The fiftieth anniversary of the release of The Battle of Algiers (Gillo Pontecorvo, 1966) offers an occasion to challenge commonplaces about the film and to show that there remains much to be clarified about its character. Typically discussed in terms of its debt to Italian neorealism, The Battle of Algiers can also be related to Italian colonial cinema made during the fascist period. The film recounts the genesis of the Algerian nation, but it is at the same time a film about the end of the French empire. Meanwhile, an analysis of location in the film’s little-discussed coda shows The Battle of Algiers to be the first in a long line of banlieue cinema—that is, it is a film that presciently anticipates postcolonial conditions on the territory of France itself.
FQ Editor-in-Chief B. Ruby Rich’s survey of the Winter 2016 issue. Her roadmap for navigating the ideas, authors, films, TV shows, and interviews featured within; a reflection on the state of film and media criticism, the beginning of awards season, and special tributes to Vertamae Smart-Grosvenor and Curtis Hanson.
Chantal Akerman’s sound strategies are defining elements of a unique film language noted for effects that feel close to direct experience and seem to approximate the passing of real time. Drawing from a range of Akerman’s films, from Saute Ma Ville (1968) to No Home Movie (2015), five categories of sound that are of special interest in Akerman’s films are considered: walking, talking, singing (music), exploding, and silence. Local examples are analyzed to give a sense of how, within these five categories, Akerman cultivated an overall tactic of desynchron- ization – often separating layers of sound from one another within the soundtrack, and always working the soundtrack as a whole against the visual image track – to amplify effects of immediacy and temporal complexity, and to generate layers of meaning powerfully but indirectly.
FQ Associate Editor interviews film scholar Michael Boyce Gillespie on his new book Film Blackness and the Idea of Black Film. Gillespie begins his book with a series of questions that seem to be posed to reader and author alike, for he declares that this book is “driven by the belief that the idea of black film is always a question, never an answer,” and pushes the reader to think through some of the past and present iterations of blackness in American culture and media. Gillespie shows that there have always been multiple ways of being black, becoming black, performing blackness, challenging blackness, embodying blackness, defying blackness, and transcending the conventional understanding of blackness. Read the column then download a selection from the book made available thanks to Duke University Press.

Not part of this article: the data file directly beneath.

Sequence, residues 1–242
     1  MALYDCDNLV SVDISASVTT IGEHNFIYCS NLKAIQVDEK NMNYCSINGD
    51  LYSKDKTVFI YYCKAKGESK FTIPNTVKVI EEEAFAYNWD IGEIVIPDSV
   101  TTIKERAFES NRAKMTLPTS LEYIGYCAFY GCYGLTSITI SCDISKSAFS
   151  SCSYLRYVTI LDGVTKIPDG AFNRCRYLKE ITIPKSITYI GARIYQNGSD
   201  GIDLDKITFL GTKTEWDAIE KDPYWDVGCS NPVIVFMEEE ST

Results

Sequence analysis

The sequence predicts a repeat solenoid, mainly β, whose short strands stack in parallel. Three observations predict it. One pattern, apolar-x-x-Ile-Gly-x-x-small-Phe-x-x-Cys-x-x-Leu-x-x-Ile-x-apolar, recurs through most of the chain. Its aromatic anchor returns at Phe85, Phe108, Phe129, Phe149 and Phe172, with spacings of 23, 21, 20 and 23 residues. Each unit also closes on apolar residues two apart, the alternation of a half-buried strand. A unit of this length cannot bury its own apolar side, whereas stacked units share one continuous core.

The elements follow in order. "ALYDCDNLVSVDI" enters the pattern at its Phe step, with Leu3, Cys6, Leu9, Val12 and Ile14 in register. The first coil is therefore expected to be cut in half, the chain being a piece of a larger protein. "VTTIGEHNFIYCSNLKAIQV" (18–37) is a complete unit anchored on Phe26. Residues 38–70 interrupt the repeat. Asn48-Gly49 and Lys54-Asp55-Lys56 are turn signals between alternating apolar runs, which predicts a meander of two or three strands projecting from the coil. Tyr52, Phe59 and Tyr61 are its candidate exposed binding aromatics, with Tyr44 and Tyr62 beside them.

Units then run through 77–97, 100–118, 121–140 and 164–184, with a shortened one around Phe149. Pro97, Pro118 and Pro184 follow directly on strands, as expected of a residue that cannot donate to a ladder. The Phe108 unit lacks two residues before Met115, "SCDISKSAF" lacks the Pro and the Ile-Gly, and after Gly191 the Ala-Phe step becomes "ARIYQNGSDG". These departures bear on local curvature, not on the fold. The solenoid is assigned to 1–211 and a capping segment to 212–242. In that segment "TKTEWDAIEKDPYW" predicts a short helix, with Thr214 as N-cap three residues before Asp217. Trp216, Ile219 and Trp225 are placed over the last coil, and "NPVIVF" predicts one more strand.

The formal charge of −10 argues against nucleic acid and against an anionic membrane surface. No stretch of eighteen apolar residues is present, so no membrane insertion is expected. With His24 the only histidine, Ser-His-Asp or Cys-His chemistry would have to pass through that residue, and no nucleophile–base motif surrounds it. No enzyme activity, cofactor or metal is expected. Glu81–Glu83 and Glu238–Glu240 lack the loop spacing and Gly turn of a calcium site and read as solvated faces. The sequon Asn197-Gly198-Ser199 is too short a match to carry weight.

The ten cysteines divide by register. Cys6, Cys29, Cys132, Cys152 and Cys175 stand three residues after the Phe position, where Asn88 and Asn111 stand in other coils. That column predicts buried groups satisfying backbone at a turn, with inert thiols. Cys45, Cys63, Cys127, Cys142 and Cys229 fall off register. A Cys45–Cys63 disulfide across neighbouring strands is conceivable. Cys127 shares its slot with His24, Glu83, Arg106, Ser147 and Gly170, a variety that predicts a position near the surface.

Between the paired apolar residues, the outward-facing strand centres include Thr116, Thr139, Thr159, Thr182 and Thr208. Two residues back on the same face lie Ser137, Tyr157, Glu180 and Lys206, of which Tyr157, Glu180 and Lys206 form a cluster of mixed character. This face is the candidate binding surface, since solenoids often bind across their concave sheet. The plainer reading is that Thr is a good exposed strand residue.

FQ Editor-in-Chief B. Ruby Rich’s quarterly roundup of the issue: Fall 2016, Volume 70, Number 1. The issue pays homage to Chantal Akerman with a special dossier co-edited with Ivone Margulies. Rich also weighs in on being female onscreen and online, and the origins of Girlpower. She charts a course for readers through this special issue that also includes the first English translations of some of Akerman’s work, Laura Mulvey on the Jeanne Dielman universe, an in-depth feature article on Mati Diop’s documentary MILLE SOLEILS, columns by Paul Julian Smith and Amelie Hastie, festival coverage, and more.
A special dossier on Chantal Akerman with articles by dossier co-editor Ivone Margulies, Laura Mulvey, and an interview by B. Ruby Rich; plus the first English language translations of some of Akerman’s work, a post-mortem bibliography of writing on Akerman, a special video tribute to Akerman and the importance of sound in her films by Barbara McBane; a report from the goEAST film festival, and a rich slate of book reviews round out this “back to school” issue.
Laura Horak’s first monograph, Girls Will Be Boys: Cross-Dressed Women, Lesbians, and American Cinema, 1908–1934, is refreshing and invigorating. In a moment when pop culture is ablaze with stories of the “novelty” of transgender and gender nonconforming people, FQ Associate editor Regina Longo was delighted to sink into a thoroughly researched book on this subject that was ten years in the making. Read the column and then download the free chapter of the book offered here for FQ readers.
To judge by the critical enthusiasm with which the second season of Amazon Prime’s Transparent (2014–) series has been embraced, Jill Soloway not only has a big trans-affirmative hit on her hands but has succeeded in stimulating a lively conversation about queerness, trans politics, and television representation within the broader society.
FQ Editor-in-Chief B. Ruby Rich’s roundup of the Summer 2016 issue: Volume 69, Number 4. Rich recalls the early years of university-level film history courses, assesses the barrage of industry news that lands on her desk daily, and pays homage to Richard Dyer, who was honored by the Society for Cinema and Media Studies at their annual conference. Dyer’s first published monograph, GAYS AND FILM (1977), came into the world in a vacuum. There was simply no such field. Today, it is difficult to comprehend the force of imagination and courage required to launch such a career at such a time. Forty years ago, a grand ballroom would not have filled with people and applause for a gay scholar; today, it was unremarkable that one did.
Jill Soloway’s Transparent and the New Television; Ex Machina In The Garden; Rituparno Ghosh’s Bariwali; interviews with Christopher Harris, Annie Baker, and Hanna Polak; festival reports from IDFA and Sundance; and more!